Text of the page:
New Historian

Ancient Gospel Containing Divine Advice Translated

Annunciation by Angelico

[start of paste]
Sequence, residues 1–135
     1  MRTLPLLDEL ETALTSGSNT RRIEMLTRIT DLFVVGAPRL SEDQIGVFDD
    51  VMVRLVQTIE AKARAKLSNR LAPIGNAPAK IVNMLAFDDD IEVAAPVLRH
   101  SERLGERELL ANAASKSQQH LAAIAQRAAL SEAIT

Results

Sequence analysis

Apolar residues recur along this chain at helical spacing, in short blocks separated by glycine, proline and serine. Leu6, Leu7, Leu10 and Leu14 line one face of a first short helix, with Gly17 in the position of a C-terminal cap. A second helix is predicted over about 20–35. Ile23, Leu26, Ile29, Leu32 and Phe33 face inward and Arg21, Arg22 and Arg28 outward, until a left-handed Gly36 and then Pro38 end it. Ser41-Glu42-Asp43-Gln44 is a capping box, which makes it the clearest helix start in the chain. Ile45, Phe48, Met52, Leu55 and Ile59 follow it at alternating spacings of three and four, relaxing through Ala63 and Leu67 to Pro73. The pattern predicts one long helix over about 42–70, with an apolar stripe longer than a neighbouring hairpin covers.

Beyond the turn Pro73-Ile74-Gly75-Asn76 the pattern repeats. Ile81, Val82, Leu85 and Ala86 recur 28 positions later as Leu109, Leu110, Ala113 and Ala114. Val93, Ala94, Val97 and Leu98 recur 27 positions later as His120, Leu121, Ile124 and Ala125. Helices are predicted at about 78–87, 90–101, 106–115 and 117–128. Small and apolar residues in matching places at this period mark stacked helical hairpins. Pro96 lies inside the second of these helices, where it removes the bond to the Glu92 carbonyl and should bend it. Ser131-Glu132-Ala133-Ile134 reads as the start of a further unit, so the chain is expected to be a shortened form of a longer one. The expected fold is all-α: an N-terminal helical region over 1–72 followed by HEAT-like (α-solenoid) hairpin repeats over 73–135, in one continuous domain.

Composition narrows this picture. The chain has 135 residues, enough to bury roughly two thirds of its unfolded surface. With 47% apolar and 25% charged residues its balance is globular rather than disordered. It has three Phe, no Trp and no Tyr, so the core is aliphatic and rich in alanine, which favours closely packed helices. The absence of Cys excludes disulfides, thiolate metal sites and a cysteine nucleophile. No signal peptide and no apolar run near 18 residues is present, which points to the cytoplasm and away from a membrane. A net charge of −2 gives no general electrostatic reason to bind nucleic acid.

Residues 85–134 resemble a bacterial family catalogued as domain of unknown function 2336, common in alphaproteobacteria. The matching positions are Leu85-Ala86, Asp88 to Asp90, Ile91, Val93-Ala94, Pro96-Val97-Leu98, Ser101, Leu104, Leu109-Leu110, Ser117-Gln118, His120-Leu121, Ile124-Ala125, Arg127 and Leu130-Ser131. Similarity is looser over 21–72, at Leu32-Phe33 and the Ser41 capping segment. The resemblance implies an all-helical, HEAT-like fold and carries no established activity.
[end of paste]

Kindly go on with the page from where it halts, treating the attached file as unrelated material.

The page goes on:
<![CDATA[A previously unknown Gospel has been found, hidden away in a tiny, sixth-century book. The text has been dubbed the 'Gospel of the Lots of Mary' and is written in Coptic, an Egyptian adaptation of the Greek alphabet. It may be that the book was used to provide guidance for people seeking help for problems they were encountering in their lives. Anne Marie Luijendijk, professor at Princeton University, discovered the gospel when deciphering the unassuming book. "When I began deciphering the manuscript and encountered the word 'gospel' in the opening line, I expected to read a narrative about the life and death of Jesus," Luijendijk wrote in her recently published book. Instead, she found a series of 37 oracles of which only a few mentioned Jesus. In the ancient world, a 'lot book' was used to try to predict a person's future or offer advice. Someone seeking an answer to a specific question could have sought a solution in a lot book. Alternatively, the book could have been opened at random to get advice or predictions. Sortilege, the practice of using lots to obtain an answer, was common in antiquity. It was applied in decision-making at all levels of society. Luijendijk says that the 'Gospel of the Lots of Mary' is the only lot book which calls itself a 'gospel' - literally 'good news'. "The fact that this book is called [a gospel] is very significant," Luijendijk said in an interview with Live Science. "To me, it also really indicated that it had something to do [with] how people would consult it and also about being [seen] as good news. Nobody who wants to know the future wants to hear bad news in a sense." In a traditional sense, the text is not a gospel as it does not predominantly teach about Christ. The use of the word "gospel" in the Gospel of the Lots of Mary could show that people had a different perspective on what the word meant. "The fact that this is not a gospel in the traditional sense gives ample reason to inquire about the reception and use of the term 'gospel' in Late Antiquity," Luijendijk wrote. Possibly, the book was used at the Shrine of Saint Colluthus in Egypt, a major site of Christian pilgrimage. At the shrine, archaeologists have previously found texts with written questions, implying the site was used for divination. "Among the services offered to visitors of the shrine were both book and ticket divination," Luijendijk wrote. Of particular interest is that book is very small, measuring less than 3 inches high and 2.7 inches wide. You can tell a surprising amount simply from the size of a codex. As it is so small, the book would have been relatively cheap to produce, indicating that the Gospel of the Lots of Mary was a utilitarian text, rather than a decorative item like a modern coffee-table book. It was also heavily used, with ancient thumbprints visible in the margins. Luijendijk's work contributes a huge amount to discussions of religion and magic in early Christian communities. It is also important to note that words, such as 'Gospel', which are used in a very specific way in modern language, could have had a wildly different meaning for past societies. For more information: ]]>

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